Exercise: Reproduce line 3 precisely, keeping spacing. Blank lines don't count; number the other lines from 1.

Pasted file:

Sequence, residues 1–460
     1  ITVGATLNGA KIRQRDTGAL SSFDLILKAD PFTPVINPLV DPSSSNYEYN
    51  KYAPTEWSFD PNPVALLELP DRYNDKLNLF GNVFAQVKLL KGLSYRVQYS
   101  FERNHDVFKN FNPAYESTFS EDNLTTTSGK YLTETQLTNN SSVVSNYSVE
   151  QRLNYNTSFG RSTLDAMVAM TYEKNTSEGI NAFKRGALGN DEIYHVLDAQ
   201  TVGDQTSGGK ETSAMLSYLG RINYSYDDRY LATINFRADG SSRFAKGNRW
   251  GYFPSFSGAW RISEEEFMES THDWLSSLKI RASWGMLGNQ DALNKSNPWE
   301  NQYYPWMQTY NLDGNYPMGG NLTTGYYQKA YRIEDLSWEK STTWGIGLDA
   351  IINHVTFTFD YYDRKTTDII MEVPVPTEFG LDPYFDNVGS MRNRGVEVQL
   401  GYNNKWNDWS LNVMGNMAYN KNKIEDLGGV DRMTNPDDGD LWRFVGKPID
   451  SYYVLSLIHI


    51  KYAPTEWSFD PNPVALLELP DRYNDKLNLF GNVFAQVKLL KGLSYRVQYS